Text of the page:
Not only is it a terrible console port, it was literally unplayable. The sepia filter made everything look hilariously cartoonish and drowned out everything resembling detail, I had tons of graphical artifacts and unresponsive menus.

    Also, the developers need to learn what a pointing device is.

    • beowolfschaefer says:

      They made a lot of improvements since launch. It’s really worth going back and trying it again but tbh I still think it just plays best with a gamepad.

  4. suibhne says:

    I played about 30 minutes of this. I was seriously turned off by the terrible controls, janky animations, and incredibly dumb writing, and I bounced right off the whole thing. I keep telling myself I’ll give it another shot…but the reality is that it’ll probably end up being a total waste of money. Thank goodness for Steam sales, but alas for the lack of a demo.

    I honestly don’t get how people love this game. Maybe there’s a fantastic set of systems in there somewhere, but the parts that the player has to directly touch are pretty dreadful.

    • SomeDuder says:

      The main campaign is kinda wonky. Breakdown is a “cleaner” experience, where you dont bother with a story and just focus on surviving and gathering components.

      But I definately had the best experience with Lifeline, which was a fun campaign with a decent pace, but still provided a fun sandbox. You might wanna just skip the main campaign, ending is bullshit anyway.

      • suibhne says:

        Good to hear re. the DLC. Sunk cost fallacy being what it is, I might just grab those on the next sale and give it another try.

        I’ll admit, my decision to give up on SoD was also colored by my disgust with Deadlight, another console migrant. I thought it had gorgeous art direction, clunky level design, and embarrassingly shoddy storytelling, despite receiving mountains of praise. I seriously regretted my decision to purchase the game near release, just shy of full price. There seems to be a disconnect between my expectations and those of console-centric reviewers.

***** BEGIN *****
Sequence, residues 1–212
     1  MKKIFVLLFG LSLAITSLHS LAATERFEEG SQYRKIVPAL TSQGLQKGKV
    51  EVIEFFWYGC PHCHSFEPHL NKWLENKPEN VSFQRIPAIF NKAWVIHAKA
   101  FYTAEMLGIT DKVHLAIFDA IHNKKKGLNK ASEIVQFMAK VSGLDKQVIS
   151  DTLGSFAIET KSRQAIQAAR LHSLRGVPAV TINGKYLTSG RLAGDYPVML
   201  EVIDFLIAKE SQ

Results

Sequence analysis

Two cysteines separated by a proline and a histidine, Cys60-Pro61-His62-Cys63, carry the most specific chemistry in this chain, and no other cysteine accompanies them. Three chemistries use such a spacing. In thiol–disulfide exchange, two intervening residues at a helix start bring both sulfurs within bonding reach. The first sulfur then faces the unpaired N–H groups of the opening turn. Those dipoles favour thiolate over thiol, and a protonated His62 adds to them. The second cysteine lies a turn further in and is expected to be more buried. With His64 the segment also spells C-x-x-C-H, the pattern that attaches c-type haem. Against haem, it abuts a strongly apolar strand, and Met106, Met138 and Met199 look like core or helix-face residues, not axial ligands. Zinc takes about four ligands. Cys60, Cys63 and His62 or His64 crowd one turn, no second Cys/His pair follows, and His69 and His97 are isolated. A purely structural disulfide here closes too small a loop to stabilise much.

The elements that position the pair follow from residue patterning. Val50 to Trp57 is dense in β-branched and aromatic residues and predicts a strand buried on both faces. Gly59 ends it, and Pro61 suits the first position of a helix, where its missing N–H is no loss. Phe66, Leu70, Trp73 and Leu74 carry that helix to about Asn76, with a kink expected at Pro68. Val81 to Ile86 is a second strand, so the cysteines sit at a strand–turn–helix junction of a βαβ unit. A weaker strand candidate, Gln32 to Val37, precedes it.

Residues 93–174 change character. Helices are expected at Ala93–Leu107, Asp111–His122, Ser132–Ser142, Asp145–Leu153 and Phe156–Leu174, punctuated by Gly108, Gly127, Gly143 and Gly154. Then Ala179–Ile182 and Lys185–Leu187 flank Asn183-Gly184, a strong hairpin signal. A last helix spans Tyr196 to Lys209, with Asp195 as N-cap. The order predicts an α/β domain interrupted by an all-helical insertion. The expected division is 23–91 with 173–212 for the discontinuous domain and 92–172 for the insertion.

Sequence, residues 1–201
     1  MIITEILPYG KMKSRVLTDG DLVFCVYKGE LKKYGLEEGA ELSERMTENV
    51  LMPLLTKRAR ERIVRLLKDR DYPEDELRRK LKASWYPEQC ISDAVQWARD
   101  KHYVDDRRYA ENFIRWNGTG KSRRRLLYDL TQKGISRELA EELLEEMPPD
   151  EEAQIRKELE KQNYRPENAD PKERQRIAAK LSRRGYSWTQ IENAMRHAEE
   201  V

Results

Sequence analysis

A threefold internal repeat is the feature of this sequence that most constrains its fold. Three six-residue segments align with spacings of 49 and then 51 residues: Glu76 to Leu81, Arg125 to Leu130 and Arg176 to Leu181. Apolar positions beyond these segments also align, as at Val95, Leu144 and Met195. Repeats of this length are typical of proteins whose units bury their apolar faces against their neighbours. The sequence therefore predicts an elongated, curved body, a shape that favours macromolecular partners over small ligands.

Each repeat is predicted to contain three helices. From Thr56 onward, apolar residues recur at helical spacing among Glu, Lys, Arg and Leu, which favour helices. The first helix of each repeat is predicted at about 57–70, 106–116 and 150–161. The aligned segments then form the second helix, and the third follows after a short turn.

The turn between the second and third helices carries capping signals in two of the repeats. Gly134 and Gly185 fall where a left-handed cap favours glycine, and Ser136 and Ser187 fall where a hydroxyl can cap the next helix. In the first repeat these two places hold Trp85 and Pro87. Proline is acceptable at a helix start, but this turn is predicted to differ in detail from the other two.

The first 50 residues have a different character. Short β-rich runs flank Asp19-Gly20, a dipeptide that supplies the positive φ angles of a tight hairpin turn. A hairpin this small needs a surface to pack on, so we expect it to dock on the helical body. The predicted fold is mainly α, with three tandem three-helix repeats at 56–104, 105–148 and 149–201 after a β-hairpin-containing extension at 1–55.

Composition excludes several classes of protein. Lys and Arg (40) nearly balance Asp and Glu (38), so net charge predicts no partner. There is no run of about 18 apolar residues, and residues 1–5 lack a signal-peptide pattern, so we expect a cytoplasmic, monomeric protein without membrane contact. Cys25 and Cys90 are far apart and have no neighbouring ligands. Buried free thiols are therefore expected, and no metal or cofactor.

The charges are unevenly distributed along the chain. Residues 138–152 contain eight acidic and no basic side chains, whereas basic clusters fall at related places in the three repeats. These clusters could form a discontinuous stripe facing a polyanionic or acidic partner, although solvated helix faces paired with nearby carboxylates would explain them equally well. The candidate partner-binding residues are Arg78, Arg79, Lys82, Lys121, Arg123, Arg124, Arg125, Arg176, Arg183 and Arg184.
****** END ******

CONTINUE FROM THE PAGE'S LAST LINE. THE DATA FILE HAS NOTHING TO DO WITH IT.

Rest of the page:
• noodlecake says:

      I assume that you tried to play it with a keyboard, and then decided it was a bad game because it doesn’t play well with a keyboard. This is a mistake a lot of people make with a lot of games. I would never try and play an RTS with a gamepad and then say the game was terrible because it doesn’t work very well. I would just use a keyboard and mouse…

      • suibhne says:

        It’s like you didn’t read my message at all – or at least ignored the parts that didn’t support your intended polemic.

  5. bowl of snakes says:

    When I first played it, man, that tutorial that kinda turned me off of it with one of the clunkier areas of the game, went back later after the DLC and really dug the whole experience. It’s rough losing a character that you’ve put a lot of time in, but it’s a cool system that gives you those hardcore-mode/roguelike moments but still lets you keep going. Good music too. I hate to hear they are going straight for an MMO, would love to have seen more of an iteration with some procedurally generated maps and co-op.

    Edit: Really appreciate this ‘Have you Played’ series too!

  6. Monggerel says:

    Zombies. Pah.
    *picks nose in indignation*

  7. caff says:

    I enjoyed this game at first. But then I realised the game didn’t care about me – it cared about itself.

    It cares about its systems, and regenerating the world around you. But you’re not really in control of anything. You’re just topping up bar graphs here and there. It’s like a 3rd-person zombie simulator spreadsheet.

  8. Erithtotl says:

    I played this on the Xbox. I liked it except that once you get a handle on the mechanics, its super-easy. Really needed difficulty settings. I guess Breakdown gets harder as you go, but I’d rather not have to ‘grind’ my way up.

    I have not played the 2nd expansion. I will probably see what they come out with on the XBox One. It’s the sort of game that doesn’t gain much by being on a PC.

  9. noodlecake says:

    I found it quite fun. It was way too easy and I got kinda bored and had a similar issue with the story. I should get the DLC at some point.

    It was fairly rickety and buggy, but charmingly so, I thought. Still much more fun than Project Zomboid, which I wasted countless hours on expecting it to suddenly click and become enjoyable.

  10. Sacarathe says:

    I expected at least one comment already, saying that this is cryengine.

    However they had to cut it down to file sizes for xbox, but if you get it to crash, as I did, you get the crytek error messages.

  11. satan says:

    Got 50 or so great hours out of this game, I did hear about the game cooking people’s video cards though, glad I was one of the lucky ones.